Aphasia Prognosis & Therapy explained
Geraldine Wotton RCSLT ASLTIP, BSc Hons, Dip Psych Couns
The outcome of aphasia therapy is difficult to predict. The extent of the stroke, the part of the brain damaged, health factors, the individuals emotional wellbeing and the presence of supportive others are the best indicators for long-term outcome.
There is a period of spontaneous recovery i.e. where as a natural result of the brain healing and a revival of the individuals health some language and speech returns without therapeutic assistance.
However Speech & Language Therapy (SaLT) should begin as soon as possible. This must be under taken by a skilled and experienced therapist either from the NHS or via the Independent sector. It is important that clients and their families ask about the therapists qualifications and experience.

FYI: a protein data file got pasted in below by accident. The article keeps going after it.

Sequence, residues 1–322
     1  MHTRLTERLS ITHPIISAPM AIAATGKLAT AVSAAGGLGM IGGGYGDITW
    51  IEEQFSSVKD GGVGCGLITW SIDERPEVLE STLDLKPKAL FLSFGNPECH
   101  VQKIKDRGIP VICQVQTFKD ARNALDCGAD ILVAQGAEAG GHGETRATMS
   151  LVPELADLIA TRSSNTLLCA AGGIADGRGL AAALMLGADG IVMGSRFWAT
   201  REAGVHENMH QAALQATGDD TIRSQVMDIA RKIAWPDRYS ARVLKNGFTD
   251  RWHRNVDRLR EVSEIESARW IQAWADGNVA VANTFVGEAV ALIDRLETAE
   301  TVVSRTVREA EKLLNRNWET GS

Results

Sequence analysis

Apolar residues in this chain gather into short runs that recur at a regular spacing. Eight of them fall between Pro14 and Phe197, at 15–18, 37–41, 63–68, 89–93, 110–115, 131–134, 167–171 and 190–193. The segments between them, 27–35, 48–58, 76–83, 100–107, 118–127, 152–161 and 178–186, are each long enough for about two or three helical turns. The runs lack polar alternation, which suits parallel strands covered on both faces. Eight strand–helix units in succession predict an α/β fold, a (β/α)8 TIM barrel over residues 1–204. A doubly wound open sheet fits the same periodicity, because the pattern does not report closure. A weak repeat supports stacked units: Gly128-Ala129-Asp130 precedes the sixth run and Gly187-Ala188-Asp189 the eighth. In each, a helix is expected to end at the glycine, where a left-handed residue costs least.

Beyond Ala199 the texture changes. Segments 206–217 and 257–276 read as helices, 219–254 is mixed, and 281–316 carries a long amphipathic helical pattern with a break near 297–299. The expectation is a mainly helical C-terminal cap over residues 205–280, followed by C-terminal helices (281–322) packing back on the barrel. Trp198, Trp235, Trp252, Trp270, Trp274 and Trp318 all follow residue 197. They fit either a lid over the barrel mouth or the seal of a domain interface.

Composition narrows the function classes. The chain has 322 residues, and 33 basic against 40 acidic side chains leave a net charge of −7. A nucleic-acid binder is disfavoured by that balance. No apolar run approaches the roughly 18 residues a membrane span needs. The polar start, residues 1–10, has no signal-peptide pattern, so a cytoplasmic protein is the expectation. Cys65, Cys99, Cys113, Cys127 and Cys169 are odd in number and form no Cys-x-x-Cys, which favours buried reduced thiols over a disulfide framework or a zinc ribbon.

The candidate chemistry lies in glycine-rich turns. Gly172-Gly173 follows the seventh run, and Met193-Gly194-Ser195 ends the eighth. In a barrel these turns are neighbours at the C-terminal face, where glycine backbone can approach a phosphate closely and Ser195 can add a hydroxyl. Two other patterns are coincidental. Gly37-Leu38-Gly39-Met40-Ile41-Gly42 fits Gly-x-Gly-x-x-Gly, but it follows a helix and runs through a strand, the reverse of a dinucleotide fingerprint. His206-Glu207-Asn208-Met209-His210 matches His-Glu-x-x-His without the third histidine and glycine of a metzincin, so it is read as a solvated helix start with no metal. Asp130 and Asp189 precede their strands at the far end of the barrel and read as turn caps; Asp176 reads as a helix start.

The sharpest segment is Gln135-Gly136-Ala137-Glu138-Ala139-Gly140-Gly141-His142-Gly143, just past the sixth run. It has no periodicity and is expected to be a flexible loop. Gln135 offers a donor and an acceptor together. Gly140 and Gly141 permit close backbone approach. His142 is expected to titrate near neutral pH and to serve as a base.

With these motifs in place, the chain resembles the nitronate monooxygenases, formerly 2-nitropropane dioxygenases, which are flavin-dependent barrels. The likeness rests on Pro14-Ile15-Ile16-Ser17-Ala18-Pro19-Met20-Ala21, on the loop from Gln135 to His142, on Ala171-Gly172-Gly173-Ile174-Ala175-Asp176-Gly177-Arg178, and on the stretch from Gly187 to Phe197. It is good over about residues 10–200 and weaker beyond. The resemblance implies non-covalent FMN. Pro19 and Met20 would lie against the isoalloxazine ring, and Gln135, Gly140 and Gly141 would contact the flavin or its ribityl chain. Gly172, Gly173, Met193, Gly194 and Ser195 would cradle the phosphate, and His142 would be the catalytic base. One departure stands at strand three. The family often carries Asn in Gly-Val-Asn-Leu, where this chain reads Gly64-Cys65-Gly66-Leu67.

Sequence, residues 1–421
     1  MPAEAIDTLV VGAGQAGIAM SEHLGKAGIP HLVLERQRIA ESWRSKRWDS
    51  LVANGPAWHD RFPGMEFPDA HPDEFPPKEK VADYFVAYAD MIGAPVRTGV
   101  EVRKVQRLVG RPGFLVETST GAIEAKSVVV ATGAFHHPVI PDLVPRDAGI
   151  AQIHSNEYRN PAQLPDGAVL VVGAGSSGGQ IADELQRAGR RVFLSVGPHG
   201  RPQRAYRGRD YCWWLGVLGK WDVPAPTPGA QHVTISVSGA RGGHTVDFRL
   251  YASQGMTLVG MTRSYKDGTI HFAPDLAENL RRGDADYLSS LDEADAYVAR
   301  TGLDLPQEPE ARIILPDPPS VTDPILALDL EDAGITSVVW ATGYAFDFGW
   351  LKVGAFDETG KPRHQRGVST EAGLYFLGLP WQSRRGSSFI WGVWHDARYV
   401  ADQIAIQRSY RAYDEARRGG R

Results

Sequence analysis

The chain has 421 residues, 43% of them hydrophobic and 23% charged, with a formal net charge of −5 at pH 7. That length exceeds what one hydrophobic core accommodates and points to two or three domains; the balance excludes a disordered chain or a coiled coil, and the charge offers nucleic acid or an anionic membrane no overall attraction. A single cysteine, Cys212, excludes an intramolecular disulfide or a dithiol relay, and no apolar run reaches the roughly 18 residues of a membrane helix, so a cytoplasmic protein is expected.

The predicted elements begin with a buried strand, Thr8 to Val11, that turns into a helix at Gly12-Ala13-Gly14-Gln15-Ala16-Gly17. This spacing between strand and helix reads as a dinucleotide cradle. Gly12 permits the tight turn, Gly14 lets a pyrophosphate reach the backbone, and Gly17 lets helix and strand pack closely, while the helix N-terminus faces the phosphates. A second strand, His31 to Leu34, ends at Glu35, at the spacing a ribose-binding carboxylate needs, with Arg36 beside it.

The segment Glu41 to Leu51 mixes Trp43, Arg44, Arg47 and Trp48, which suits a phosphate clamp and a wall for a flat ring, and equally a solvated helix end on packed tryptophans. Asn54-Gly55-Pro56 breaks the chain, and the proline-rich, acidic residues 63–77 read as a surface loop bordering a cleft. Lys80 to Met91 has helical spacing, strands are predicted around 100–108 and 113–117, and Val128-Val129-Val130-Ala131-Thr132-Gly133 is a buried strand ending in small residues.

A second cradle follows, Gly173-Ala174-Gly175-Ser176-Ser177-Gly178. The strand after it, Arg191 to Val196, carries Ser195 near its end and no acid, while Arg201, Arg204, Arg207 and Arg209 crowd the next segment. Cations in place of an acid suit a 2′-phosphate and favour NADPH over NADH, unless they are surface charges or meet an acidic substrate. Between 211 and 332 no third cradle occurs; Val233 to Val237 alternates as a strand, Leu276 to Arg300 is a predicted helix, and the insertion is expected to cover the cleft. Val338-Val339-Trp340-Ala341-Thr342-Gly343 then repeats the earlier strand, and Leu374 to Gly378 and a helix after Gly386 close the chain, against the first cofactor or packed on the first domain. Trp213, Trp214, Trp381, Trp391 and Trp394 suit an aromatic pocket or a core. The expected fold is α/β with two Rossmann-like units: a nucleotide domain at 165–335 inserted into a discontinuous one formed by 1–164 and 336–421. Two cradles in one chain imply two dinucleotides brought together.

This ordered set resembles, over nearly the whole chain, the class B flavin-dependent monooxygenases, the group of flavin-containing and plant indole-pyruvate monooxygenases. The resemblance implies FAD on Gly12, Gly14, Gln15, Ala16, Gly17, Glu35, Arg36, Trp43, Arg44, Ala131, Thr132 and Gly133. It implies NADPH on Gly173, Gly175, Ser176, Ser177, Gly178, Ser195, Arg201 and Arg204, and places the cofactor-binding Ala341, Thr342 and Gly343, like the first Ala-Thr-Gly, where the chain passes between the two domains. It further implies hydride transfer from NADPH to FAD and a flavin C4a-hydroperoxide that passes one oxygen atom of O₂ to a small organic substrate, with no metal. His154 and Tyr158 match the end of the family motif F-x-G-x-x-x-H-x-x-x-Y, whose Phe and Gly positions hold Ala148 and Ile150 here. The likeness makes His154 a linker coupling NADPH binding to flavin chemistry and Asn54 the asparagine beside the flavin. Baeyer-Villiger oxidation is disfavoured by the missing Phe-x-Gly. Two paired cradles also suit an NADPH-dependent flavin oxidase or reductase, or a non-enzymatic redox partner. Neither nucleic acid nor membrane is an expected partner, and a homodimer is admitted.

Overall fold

At the first few meetings the therapist will undertake an assessment formally or informally.
This assessment will offer the individual insights into his or her needs, some idea as to their long term potential and the best therapeutic approach or intervention.
Where therapy is recommended it will differ according to the needs of the individual. However it is vital that the client and their family/carers feel an integral part of the process. They must ask questions about the aims and objectives of the therapy on offer and carers/partners should always be actively included.
- Aphasia therapy does work, the extent of its success however depend upon the above variables.
So please ensure you are given access to a speech and language therapist for assessment at least.